Three years ago, the artist Óscar F. Vega locked himself in a large studio with an ambitious aim: to paint “a Guernica”, but totally reinterpreted, and in the usual colours of his work, red and black, instead of black and white like Picasso’s Guernica. Thus was born this “Red Guernica”, measuring 3.5 x 7.7 m, which is the centrepiece of the exhibition. But what Oscar Vega did not realise at the time was that this painting would be followed by some thirty works, as he explains, “along the path of Guernica”. Now we can enjoy them all together in an exceptional exhibition, for its rarity, for its expressive force and for its content, which brings together large-format oil paintings, large and surprising sculptures in plastic matter, mysterious screens with phrases for reflection and an immersive audiovisual installation through which the visitor can physically enter the author’s imaginary.
Picasso’s Guernica is probably the most famous painting in history. Eighty years later, its contemplation continues to have an impact. Hundreds of books have been written about its interpretation. Some think of it as a representation of the horrors of the Bombing of Guernica, and pictorial motifs as a response to fascist barbarity; others identify in the painting intimate codes of Pablo Picasso, which have nothing to do with the bombing.

Oscar Vega, is more in the latter group, but adds: “what gives the painting its immense value is that Picasso, who alone knew its mystery, decided to dedicate it to the bombing of Guernica”. “Guernica” has thus become the quintessential symbol of anti-war, just as the dove, another of Picasso’s creations, is now the universal symbol of peace.  And so it is that the Basque town of Guernica is now the name of opposition to all wars, to all barbarities. 

The aim of this exhibition is “not to forget”, to work on the memory of great war events and their leaders, which have marked our history. The visitor will enter the exhibition where there will be different rooms with the content.  The tour begins with an introductory video about Picasso’s Guernica and the Red Guernica. Its origin, its intention or the meaning of each of its fractions. The visual and emotional impact that its gaze provokes in us, even today, eighty years later, is unquestionable.

The visit will continue in the Sculpture Hall, where you will see two large sculptures (3m high) “My mothers heart tree” and the Shark Sebastian tree, a nod to the Guernica tree. The roots of our history.

In the third room we discover the faces of the 11 “Illuminati”, as the painter calls them, and, as a whole, the “gallery of vanities”. These are portraits of historical figures, all of them involved in war sequences or dictatorships which, in the painter’s opinion, have bled the future of mankind: Hitler, Stalin, Franco, Mussolini, Mao Zedong, Pinochet… 

The large “Red Poppy” is an installation of remarkable proportions – 9m in diameter – which perhaps draws on the mysterious architectural ancestor of Stonehenge, in that it defines a walkable spiral space onto which images of these unique skeletons are projected, all in bright red. Each petal of this “poppy” is configured by concentric rows of red wood and riddled with mirrors. The visitor can wander among them, bathed in cartoon images of gesticulating skeletons that multiply in a great initiatory theatre. And “dropped”, in this artistic journey, we find enigmatic screens from which emerge phrases, or thoughts, depending on whether they are by Picasso or Vega. Phrases such as: “Surrealists think they refer to reality. They are wrong, they are reality”.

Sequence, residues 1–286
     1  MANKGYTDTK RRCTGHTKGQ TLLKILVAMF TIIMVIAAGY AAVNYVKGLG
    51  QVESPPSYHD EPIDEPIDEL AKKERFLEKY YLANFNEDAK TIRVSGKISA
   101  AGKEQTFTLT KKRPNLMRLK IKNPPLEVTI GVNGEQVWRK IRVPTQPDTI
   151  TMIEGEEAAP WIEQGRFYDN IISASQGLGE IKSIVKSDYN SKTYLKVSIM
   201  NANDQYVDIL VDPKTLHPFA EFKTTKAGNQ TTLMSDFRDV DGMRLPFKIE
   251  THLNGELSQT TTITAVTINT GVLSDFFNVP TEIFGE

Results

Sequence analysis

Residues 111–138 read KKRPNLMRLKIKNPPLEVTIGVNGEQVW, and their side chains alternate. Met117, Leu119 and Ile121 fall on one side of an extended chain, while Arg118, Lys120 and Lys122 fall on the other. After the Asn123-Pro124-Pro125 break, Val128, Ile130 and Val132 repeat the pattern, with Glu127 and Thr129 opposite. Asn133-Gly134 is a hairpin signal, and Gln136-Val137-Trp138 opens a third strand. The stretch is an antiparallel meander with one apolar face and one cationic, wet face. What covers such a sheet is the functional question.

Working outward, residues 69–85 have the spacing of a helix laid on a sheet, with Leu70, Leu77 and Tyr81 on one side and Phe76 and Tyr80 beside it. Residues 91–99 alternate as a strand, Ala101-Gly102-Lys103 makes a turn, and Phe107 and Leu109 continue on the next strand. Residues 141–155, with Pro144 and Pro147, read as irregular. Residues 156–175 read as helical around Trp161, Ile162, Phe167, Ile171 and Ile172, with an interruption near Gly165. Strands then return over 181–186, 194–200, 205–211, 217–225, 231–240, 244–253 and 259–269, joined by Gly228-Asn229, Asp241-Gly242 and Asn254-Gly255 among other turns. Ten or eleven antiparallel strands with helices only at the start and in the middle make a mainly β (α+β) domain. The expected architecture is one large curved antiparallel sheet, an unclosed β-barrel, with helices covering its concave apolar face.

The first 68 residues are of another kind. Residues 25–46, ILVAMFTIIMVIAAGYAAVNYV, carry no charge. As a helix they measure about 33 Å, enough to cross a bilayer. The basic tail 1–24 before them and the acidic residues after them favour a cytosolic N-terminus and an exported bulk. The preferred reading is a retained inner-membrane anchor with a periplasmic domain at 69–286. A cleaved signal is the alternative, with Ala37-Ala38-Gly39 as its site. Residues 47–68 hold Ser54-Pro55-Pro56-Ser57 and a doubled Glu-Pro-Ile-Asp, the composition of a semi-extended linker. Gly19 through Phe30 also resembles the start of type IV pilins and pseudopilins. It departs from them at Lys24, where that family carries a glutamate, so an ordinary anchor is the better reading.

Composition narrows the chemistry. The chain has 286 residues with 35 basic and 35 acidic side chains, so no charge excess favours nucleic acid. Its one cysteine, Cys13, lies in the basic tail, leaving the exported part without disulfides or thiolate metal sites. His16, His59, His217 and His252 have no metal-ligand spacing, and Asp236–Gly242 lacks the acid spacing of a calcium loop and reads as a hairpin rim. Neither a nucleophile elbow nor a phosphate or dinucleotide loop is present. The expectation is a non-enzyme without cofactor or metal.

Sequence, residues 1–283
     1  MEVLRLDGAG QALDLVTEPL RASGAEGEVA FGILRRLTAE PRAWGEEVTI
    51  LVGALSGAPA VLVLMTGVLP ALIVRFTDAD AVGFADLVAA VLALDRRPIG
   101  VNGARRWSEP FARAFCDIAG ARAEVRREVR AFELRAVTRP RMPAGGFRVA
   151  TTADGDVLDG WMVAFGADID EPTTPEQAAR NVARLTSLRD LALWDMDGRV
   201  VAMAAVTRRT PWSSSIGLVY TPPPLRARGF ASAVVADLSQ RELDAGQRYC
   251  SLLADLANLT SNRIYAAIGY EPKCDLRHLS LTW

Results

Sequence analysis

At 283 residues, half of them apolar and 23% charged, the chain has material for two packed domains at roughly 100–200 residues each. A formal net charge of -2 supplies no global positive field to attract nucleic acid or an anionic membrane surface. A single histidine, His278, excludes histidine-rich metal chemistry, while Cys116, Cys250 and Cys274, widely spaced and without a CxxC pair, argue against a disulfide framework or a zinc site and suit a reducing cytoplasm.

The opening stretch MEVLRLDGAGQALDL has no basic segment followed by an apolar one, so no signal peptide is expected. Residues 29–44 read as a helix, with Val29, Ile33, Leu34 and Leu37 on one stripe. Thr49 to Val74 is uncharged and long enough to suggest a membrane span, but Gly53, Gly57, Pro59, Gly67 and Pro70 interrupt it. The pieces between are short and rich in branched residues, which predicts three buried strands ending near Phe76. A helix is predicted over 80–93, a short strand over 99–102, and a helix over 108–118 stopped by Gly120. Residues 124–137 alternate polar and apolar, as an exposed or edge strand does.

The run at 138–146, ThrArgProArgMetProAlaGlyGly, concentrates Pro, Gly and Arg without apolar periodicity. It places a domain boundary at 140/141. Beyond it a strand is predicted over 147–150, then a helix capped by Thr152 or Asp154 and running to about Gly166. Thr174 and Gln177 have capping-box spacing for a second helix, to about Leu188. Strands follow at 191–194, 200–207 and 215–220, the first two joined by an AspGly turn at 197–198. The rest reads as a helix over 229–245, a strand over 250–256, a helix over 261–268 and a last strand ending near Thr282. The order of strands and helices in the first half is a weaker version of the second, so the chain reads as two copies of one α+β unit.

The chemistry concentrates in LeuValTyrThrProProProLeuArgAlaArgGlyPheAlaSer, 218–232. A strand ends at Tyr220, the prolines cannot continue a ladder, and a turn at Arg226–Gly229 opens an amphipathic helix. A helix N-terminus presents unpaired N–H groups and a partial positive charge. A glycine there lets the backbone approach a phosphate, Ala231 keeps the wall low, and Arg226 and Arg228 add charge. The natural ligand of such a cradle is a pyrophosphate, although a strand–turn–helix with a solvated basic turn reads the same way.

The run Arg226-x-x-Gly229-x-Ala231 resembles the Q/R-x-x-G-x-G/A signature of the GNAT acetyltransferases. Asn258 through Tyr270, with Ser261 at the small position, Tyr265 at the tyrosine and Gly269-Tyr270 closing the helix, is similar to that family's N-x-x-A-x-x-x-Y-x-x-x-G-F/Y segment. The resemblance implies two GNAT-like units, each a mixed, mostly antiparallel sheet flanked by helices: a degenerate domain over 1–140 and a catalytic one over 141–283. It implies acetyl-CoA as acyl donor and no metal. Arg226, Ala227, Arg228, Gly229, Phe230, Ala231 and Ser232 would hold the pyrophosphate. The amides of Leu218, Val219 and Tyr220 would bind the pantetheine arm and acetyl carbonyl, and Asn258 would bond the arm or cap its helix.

Following the route, the visitor enters the exhibition’s star piece. A Red Guernica in its original size (3.49 m x 7.77 m). Unlike the other rooms, in this one the visitor will be able to sit down to observe and analyse the work in depth. The painting will be flanked by video screens on which the “making of” the painting will be projected continuously.

Another outstanding collection is a set of oil paintings on recycled red methacrylate, so that, in an innovative stylistic device, they are seen on both sides, very different from each other, and both equally “intense”. 


We continue with an area of large-format oil paintings on panel, mental images of the decadence of the West.

Memory to feel,  actions not to repeat.

The exhibition promenade offers many simultaneous readings and harbours an undoubted sense of spectacle focused on “everyone finding their own thing”. An exhibition in which, for example, an expert in contemporary art can find material, while a group of schoolchildren can find surprise and knowledge. And everyone, reflection on the human condition. A totally unexpected and thought-provoking exhibition. 


In addition to the tour of the galleries, there is an audio guide for mobile phones in 4 languages with historical explanations framing the period of each work. By scanning a QR code, visitors can access the content with their mobile phones. Headphones are recommended.


Óscar F Vega ( is a multifaceted artist. A philosopher and psychologist by training, he has been a businessman, has directed films and produced television; he is even now an independent councillor in charge of culture in a town on the outskirts of Madrid.

His painting hatches in maturity with a great expressive force, perhaps the fruit of an impulse contained and refined by life which, in the words of the English critic Paul E. Davies, is like “the enclosed genie escaping from the lamp” many years later. Óscar Vega had the opportunity to share “moments of painting” in the port of Pasajes with the master Miguel Ángel Álvarez, a distinguished Basque painter who died not many years ago and of whom, Vega confesses, “I do not have enough years of life to reach his mastery”.